By: Judson M. SteinIn the recent case of Clark v. Rameker, 573 U.S. _____ (2014), the Supreme Court was tasked with determining whether the Federal Bankruptcy Code protects inherited IRAs in Bankruptcy against the claims of a bankruptcy debtor’s creditors.
Section 522(b)(3)(C) of the Bankruptcy code describes protected assets to include “retirement funds” that are “exempt from taxation” under IRC Code Sections 401, 403, 408, 408A, 414, 457, or 501(a). An account therefore, generally has to be characterized as a retirement vehicle in order to qualify as exempt under the Federal Bankruptcy Code.
In Clark, Ruth Heffron died, leaving her IRA to her daughter, Heidi, a Wisconsin resident. Heidi elected to receive the account as an inherited IRA and to take required minimum distributions over her remaining life expectancy, in accordance with the IRS Regulations. In 2010, Heidi and her husband filed for Chapter 7 bankruptcy, excluding the IRA from their bankruptcy estates. Heidi’s bankruptcy creditors argued that the IRA funds were improperly excluded from her bankruptcy estate because an inherited IRA is not a retirement fund under the definition of Section 522.
The Supreme Court agreed with the creditors, holding that assets held under an IRA inherited by a non-spouse beneficiary are not “retirement funds,” and are therefore not protected by bankruptcy creditors. The Court noted that material differences between an originally owned IRA and an inherited IRA reflect Congress’ intent that inherited IRAs are not “held for retirement”.
First, the Court reasoned that inherited IRA beneficiaries must take required minimum distributions on at least an annual basis, reducing the potential of the account as a retirement savings vehicle. The Internal Revenue Code requires that the beneficiary of an inherited IRA take required minimum distributions over their individual life expectancy, or within five years of the account owner’s death (depending upon whether the original owner passed away before or after attaining the age of 70 ½, respectively). This is in contrast to an original IRA, where the original account owner does not have to start taking distributions until the reach the age of 70 ½.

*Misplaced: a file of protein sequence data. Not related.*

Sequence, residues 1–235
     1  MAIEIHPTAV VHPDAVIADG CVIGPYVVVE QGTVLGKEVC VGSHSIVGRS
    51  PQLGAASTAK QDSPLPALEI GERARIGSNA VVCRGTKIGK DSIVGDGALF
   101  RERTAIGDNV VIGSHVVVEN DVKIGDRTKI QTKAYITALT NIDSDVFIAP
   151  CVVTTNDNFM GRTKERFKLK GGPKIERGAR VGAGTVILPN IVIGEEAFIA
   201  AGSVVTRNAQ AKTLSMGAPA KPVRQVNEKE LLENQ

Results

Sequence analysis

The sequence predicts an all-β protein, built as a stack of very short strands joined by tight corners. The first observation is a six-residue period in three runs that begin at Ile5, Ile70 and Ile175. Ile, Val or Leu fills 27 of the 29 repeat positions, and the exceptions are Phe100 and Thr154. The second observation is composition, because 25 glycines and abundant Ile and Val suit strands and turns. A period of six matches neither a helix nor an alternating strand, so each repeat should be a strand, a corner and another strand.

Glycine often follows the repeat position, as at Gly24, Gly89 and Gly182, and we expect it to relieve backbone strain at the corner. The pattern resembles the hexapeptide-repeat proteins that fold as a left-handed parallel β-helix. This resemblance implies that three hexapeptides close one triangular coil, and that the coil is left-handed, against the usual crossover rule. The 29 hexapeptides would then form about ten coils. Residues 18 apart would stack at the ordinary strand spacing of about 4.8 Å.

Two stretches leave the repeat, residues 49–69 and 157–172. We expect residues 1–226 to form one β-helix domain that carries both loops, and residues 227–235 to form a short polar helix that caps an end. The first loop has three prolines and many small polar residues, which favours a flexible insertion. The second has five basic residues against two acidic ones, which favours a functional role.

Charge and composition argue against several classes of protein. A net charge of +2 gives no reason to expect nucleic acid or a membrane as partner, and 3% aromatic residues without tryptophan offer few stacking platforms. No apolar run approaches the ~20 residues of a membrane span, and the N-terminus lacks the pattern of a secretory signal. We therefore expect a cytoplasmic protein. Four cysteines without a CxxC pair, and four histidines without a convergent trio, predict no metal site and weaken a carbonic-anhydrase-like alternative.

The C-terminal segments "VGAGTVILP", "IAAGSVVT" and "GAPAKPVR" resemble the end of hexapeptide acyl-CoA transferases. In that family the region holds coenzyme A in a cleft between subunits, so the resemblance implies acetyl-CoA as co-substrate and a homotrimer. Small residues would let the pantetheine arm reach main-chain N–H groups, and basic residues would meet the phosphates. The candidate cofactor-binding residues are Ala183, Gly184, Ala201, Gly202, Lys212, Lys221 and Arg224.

Second, the Court held that because an inherited IRA account beneficiary may never make contributions to the account, a beneficiary of a retirement account is therefore not incentivized to contribute to their retirement savings.
Finally, the Court reasoned that because inherited IRA beneficiaries may withdraw amounts from their account at any time penalty-free, they are not funds “objectively set aside for one’s retirement.” This is in contrast to an original IRA, where the owner is penalized from reducing their retirement savings if they make a withdrawal from their account prior to reaching the age of 59 ½.
The Supreme Court’s opinion did not make it entirely clear as to whether spousal rollovers would be definitively protected in bankruptcy. As there is no deadline for a surviving spouse to elect to perform a qualified rollover of their spouse’s IRA account, a surviving spouse could initially choose to accept an inherited IRA for immediate access to the funds and later rollover the account into his or her own IRA. Performing a spousal rollover soon before a bankruptcy filing could create an argument by a creditor that the rollover was effectively a “fraudulent transfer” that should be undone.
Additionally, it is important to understand the limitations of this holding to bankruptcy proceedings – and further, to those debtors that have opted to utilize the Federal bankruptcy exemption rules. Each state has its own bankruptcy exemptions, and five states exempt inherited IRAs from the claims of bankruptcy creditors. If a bankruptcy debtor has satisfied their states’ domicile requirements, they may opt into their state bankruptcy exemptions, which may be more favorable than the Federal ones.
Furthermore, many, if not the majority of states, exempt inherited IRAs from the claims of creditors outside of bankruptcy (with limited exceptions). Even so, when leaving retirement assets to a non-spouse beneficiary, one should consider designating a qualifying “see-through” trust as the designated beneficiary of an IRA account in order to achieve protection from claims of their beneficiaries’ known and unknown exception creditors as well as to achieve the desired income-tax deferral of extended required minimum distributions.
I expect that we will see more law further expounding upon some of these new and novel concepts in the near future.